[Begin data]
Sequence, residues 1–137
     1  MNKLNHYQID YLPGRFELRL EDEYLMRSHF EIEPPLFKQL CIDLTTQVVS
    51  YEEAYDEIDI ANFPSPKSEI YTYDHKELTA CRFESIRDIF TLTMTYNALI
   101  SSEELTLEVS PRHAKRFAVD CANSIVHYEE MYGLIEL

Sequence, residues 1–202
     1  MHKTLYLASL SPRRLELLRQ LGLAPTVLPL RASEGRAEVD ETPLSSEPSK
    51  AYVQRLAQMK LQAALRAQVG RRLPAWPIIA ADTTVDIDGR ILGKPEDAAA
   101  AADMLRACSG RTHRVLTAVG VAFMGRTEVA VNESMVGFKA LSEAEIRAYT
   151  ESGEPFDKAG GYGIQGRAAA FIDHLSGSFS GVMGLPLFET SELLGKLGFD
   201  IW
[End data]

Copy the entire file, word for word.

Sequence, residues 1–137
     1  MNKLNHYQID YLPGRFELRL EDEYLMRSHF EIEPPLFKQL CIDLTTQVVS
    51  YEEAYDEIDI ANFPSPKSEI YTYDHKELTA CRFESIRDIF TLTMTYNALI
   101  SSEELTLEVS PRHAKRFAVD CANSIVHYEE MYGLIEL

Sequence, residues 1–202
     1  MHKTLYLASL SPRRLELLRQ LGLAPTVLPL RASEGRAEVD ETPLSSEPSK
    51  AYVQRLAQMK LQAALRAQVG RRLPAWPIIA ADTTVDIDGR ILGKPEDAAA
   101  AADMLRACSG RTHRVLTAVG VAFMGRTEVA VNESMVGFKA LSEAEIRAYT
   151  ESGEPFDKAG GYGIQGRAAA FIDHLSGSFS GVMGLPLFET SELLGKLGFD
   201  IW